Practice Makes Perfect: Spanish Pronouns and Prepositions, Premium 3rd Edition (2016)

Part I. PRONOUNS

Chapter 7. Adjective pronouns

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It is said that human beings are efficient by nature. That efficiency is found in virtually all uses of pronouns: A pronoun replaces an understood noun, and use of a pronoun for an understood noun lightens the load, so to speak.

I see Martin, Daisy, Lily, and Kitty.
I see
 them.

Qualitative adjective pronouns

In Spanish, this same efficiency is seen when descriptive, or qualitative, adjectives become pronouns. In English, we generally add the word “one,” as in the sentence “He has the green apple, and I have the red one.” In Spanish, the adjective assumes the entire meaning of the noun: Él tiene la manzana verde y yo tengo la roja. The adjective retains the gender and number of the omitted noun, as well as the appropriate definite article (ellalos, or las). In the sentence, it also represents the full meaning of the noun.

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Traducción Unless otherwise indicated, use the second-person singular Spanish form for English you.

  1He buys new cars, but I always buy used ones.

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  2She prefers tall men, but I prefer short ones.

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  3They want the easy question, but we want the difficult one.

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  4She thinks that the blond (rubio) man is handsome, but I prefer the brown-haired (moreno) one.

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  5The blue pen is yours, but the green one is mine.

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  6Almost every client (el cliente) wants to buy a luxury (de lujo) car, but buys the compact one.

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  7More people buy the gray carpet (la alfombra), because the white (one) is always dirty (sucio).

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  8The two short dresses are beautiful, but the long (largo) one is more elegant.

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  9He puts the big lamps (la lámpara) in the living room and the small ones in the bedroom.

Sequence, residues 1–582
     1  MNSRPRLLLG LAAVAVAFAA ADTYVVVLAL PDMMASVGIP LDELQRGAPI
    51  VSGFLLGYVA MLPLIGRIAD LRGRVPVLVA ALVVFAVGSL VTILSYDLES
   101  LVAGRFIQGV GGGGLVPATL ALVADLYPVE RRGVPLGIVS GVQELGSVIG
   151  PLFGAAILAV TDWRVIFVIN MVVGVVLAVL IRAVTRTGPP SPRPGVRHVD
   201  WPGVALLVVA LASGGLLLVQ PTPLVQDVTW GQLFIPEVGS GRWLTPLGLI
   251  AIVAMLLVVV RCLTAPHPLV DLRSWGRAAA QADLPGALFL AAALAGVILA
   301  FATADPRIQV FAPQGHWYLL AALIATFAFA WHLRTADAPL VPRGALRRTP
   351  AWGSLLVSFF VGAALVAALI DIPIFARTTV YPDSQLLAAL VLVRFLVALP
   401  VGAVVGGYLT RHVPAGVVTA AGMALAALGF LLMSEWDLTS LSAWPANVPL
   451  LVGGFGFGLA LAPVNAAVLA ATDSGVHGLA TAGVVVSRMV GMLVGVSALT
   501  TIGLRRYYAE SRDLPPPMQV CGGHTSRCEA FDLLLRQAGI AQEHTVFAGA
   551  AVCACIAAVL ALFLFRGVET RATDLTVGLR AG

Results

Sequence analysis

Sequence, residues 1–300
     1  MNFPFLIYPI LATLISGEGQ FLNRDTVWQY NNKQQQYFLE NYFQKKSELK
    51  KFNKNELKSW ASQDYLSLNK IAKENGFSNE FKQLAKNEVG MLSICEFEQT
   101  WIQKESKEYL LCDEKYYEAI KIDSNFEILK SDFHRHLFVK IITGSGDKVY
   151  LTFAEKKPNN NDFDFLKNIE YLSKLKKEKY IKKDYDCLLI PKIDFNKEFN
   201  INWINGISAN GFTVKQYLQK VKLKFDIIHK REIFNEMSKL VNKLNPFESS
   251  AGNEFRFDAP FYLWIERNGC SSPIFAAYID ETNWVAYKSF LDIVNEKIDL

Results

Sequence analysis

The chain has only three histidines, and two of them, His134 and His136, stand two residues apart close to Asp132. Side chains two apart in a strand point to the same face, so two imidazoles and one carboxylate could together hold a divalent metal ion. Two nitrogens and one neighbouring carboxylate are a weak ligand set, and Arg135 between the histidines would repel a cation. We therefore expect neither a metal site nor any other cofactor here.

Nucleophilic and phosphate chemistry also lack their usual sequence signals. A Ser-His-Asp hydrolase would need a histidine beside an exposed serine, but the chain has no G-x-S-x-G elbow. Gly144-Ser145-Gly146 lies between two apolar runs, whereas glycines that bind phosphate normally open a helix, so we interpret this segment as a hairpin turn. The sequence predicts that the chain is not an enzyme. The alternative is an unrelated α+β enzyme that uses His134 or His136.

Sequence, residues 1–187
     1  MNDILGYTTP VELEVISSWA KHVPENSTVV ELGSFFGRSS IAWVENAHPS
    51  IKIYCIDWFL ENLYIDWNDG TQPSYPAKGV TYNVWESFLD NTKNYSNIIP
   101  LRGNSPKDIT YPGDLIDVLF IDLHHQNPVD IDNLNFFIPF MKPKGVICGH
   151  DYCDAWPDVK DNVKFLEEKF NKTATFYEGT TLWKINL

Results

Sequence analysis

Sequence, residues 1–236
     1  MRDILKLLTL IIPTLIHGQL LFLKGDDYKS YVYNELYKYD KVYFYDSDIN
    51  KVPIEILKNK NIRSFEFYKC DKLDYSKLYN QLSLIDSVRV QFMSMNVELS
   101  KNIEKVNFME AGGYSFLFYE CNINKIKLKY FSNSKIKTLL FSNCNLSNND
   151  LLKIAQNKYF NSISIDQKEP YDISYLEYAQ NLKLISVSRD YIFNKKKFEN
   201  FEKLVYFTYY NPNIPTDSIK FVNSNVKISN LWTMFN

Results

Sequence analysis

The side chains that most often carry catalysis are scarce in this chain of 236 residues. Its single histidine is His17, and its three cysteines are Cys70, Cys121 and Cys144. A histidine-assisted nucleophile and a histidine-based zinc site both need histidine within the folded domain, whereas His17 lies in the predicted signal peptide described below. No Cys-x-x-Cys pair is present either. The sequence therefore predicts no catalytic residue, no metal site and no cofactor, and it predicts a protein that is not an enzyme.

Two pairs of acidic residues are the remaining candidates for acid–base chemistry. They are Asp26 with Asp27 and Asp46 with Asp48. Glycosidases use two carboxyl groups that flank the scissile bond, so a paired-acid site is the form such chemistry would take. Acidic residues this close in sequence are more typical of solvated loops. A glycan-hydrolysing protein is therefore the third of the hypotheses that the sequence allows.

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10The big glass (la copa) is for the red wine, and the small one is for the white (wine).

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Quantitative adjective pronouns

Adjectives that are quantitative tell us the number or amount of the noun to which they refer. When a number is placed before a noun (for example, “two cats”), that number functions as an adjective. When the noun is understood and dropped, the adjective takes on the status of a pronoun, because it includes the meaning of the noun. (For a review of numbers used as pronouns, see Chapter 6.)

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Note that the number uno (“one”) takes gender.

Many quantitative adjectives are not actual numbers themselves. Instead, they refer to an amount, with an indirect way of revealing number. Most of these words can function as adjectives: algunos platos (“some plates”), todos los invitados (“all the guests”). When they stand alone or are used to refer to a noun or other antecedent, they function as pronouns: algunos (“some of them”), todos (“all of them”). Below are several commonly used quantitative adjectives.

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Traducción

  1Some people live in the city, and some (of them) live in the country (el campo).

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  2Seventy percent (el _______ por ciento) of the dentists use this toothbrush (el cepillo de dientes), and the rest (of them) use a stick (el palo).

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  3I can’t decide which is the better dishwasher (el lavaplatos). I like them both.

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  4I never go shopping (ir de compras) with her. She buys everything. It’s dangerous (peligroso).

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  5Diego likes parties. He’s always the last (one) to leave (en salir).

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  6My husband drinks milk all the time. Therefore (por eso), I buy a lot (of it) every week.

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  7I have several Spanish books. Do you want one?

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  8Esmeralda loves (encantar) shoes. She has lots (of them).

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  9In the meetings (la reunión), a few people talk all the time, and the majority (of them) suffer in silence.

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10Marcia receives all the presents, and poor little (pobrecita) Jan doesn’t receive a single one.

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11We have lots of salad. Do you want more (of it)?

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12Usually, thousands (miles) of people come to the ceremony, but this year there are obviously (obviamente) fewer.

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13The students are going on a field trip (de excursión). Each one has a backpack (la mochila).

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14Each girl (la chica) has a pencil, but several (of them) don’t have paper.